7.2 miles, 3140ft gain, 3.4hrs moving time
It was another fine day in northern New England for outdoor activities. While most local cyclists are focused on Fitchburg this weekend, I opted for a little R&R from stress of work. Day two of this three day holiday weekend had five of us heading up to the White Mountains for a hike. This was Beth, Dave, their super cool dog Lucy, and myself and Cathy. We went around to the north side of Mt Moosilauke to hike the Benton Trail, a less traveled route to the summit. There were only about four cars in the lot when we arrived.
Dave, Lucy, Beth and Cathy in foreground
I do only one or two significant hikes per year. I would consider dropping down into the Grand Canyon 2000+ feet earlier this year one of them. That is atypical of most hikes, as the descent occurs first, destroying feeble cycling knees in the process. Moosilauke, on the other hand, gains over 3000ft at a fairly persistent steep grade of around 17%. The trail surface is non-stop rocks and roots. It wasn't the hike up I worried about, it was the stomp back down. I have trouble with two things. One is a nasty habit of rolling ankles. I've had trouble with this since childhood and have to be so careful planting feet on descents. The other is my knees are conditioned only for cycling type forces and motion. Stepping down a steep incline wreaks havoc on the connective tissues in the front of my knee.
The four of us plus Lucy hiked well together. We all ride (or tag along on rides), although the age span of the group varied nearly 2:1. The climb took about 1:50hrs per my Garmin 705. I was disappointed again to see how short the 705 came up on distance. It measured 3.13 miles going up, when all sources say it is 3.6 miles. There were less than a dozen people up top, surprising seeing how nice a day it was and the fact the Appalachian trail crosses over this summit. The view is 100% 360 up top, well above tree line at 4800ft. It is one of the better views in the Whites. I have never hiked this one and was thoroughly satisfied.
Looking northerly from Mt Moosilauke summit
After taking in the view for a while and eating a sandwich, we began the descent. I think most of us slid out on our butt at least once going down. It was mostly dry, but there were a few slimy spots. My knees took a pounding. They ached almost immediately on the descent. I really should do more weight bearing work. It would probably help me with the Nordic skiing too. An attempt at running last winter proved too much though. Perhaps if I did regular hikes, I wouldn't have this problem. Cycling poses no recurring problems for my knees whatsoever. I am fortunate in this regard.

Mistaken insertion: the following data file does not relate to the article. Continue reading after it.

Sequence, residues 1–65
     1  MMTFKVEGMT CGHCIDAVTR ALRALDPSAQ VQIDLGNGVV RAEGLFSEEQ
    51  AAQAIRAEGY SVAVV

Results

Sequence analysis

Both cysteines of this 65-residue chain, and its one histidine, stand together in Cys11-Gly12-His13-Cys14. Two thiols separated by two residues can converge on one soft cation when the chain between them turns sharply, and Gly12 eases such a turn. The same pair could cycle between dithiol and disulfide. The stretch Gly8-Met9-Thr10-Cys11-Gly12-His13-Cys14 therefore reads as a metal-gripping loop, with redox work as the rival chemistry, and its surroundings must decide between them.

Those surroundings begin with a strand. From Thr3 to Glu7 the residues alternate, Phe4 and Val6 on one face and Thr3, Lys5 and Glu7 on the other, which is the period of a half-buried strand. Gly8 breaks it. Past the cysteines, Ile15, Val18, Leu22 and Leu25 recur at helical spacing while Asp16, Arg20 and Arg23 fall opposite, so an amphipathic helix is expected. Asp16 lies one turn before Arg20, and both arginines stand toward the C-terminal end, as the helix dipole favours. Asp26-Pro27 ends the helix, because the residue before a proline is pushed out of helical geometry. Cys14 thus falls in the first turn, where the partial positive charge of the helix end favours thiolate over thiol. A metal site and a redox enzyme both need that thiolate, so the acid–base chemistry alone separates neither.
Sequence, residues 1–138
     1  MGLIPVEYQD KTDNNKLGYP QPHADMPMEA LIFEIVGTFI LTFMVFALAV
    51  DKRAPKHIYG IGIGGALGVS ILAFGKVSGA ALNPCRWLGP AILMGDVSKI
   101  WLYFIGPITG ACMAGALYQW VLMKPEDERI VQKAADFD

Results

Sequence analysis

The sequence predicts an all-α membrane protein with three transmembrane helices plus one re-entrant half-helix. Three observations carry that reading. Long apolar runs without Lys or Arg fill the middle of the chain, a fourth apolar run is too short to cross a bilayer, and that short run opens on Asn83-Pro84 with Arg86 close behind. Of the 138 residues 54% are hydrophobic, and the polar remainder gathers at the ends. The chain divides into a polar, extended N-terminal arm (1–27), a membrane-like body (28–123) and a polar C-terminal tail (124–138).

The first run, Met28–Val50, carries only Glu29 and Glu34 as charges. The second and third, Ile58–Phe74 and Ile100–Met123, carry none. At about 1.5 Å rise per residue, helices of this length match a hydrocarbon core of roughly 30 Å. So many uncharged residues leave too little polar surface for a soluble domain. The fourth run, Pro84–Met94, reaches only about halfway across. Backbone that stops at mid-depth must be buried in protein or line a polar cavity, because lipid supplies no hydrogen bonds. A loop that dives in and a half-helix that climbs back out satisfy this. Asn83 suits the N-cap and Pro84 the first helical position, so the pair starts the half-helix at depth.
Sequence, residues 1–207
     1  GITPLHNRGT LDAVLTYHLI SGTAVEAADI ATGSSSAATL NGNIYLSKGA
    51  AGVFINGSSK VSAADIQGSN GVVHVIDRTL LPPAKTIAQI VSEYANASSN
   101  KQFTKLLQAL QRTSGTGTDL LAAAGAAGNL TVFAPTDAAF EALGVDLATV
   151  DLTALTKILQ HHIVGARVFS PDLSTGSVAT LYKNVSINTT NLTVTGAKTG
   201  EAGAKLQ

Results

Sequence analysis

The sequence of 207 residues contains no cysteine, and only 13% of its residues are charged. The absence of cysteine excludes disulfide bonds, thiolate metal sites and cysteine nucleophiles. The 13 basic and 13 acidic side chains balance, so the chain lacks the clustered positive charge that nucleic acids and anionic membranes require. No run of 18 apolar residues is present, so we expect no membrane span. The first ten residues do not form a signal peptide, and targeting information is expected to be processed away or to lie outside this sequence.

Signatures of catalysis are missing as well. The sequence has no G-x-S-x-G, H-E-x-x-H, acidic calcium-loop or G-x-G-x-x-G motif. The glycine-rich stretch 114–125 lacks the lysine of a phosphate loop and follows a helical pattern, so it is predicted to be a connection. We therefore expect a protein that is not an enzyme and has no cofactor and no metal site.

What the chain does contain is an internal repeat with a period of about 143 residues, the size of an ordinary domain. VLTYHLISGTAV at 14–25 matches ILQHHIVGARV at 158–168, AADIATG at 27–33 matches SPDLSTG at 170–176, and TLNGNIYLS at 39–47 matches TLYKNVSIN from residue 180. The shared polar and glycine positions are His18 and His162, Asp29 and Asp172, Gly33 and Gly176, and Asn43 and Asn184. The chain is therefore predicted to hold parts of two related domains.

Doug and Cathy
The descent took surprisingly long, not much faster than the ascent. I suppose when you are a conditioned cyclist, bounding up big rocks just comes naturally. Stepping down involves impact and propensity to roll ankles. Plus you get all kinds of funky lateral forces acting on all your joints, something completely lacking in cycling.
A was relieved to reach the bottom without rolling an ankle. I measured even less distance coming down, 2.95mi in 1:37hrs. We rode up in Beth's four-door truck with spacious room for back seat occupants. That includes Lucy. Wouldn't you know it, Lucy found some nice juicy, smelly, black muck to charge through just before hopping into the truck for the ride home. Good thing I'm fond of dogs. She was so tuckered out that she stayed zonked out on my lap for the whole ride home.
That's two major mountains in two days. Wonder what's up for Sunday. Thought about heading over to Kearsarge to check out the new asphalt. Maybe a MTB loop over Crotched Mtn. Leominster State Forest with a climb over Wachusett also sounds tempting. Not sure what my legs will have though. Quads are cooked from Burke on Friday, knees are cranky from Moosilauke today.
Looking southwest from Moosilauke summit
180deg westerly pan. View at 100%, scroll around.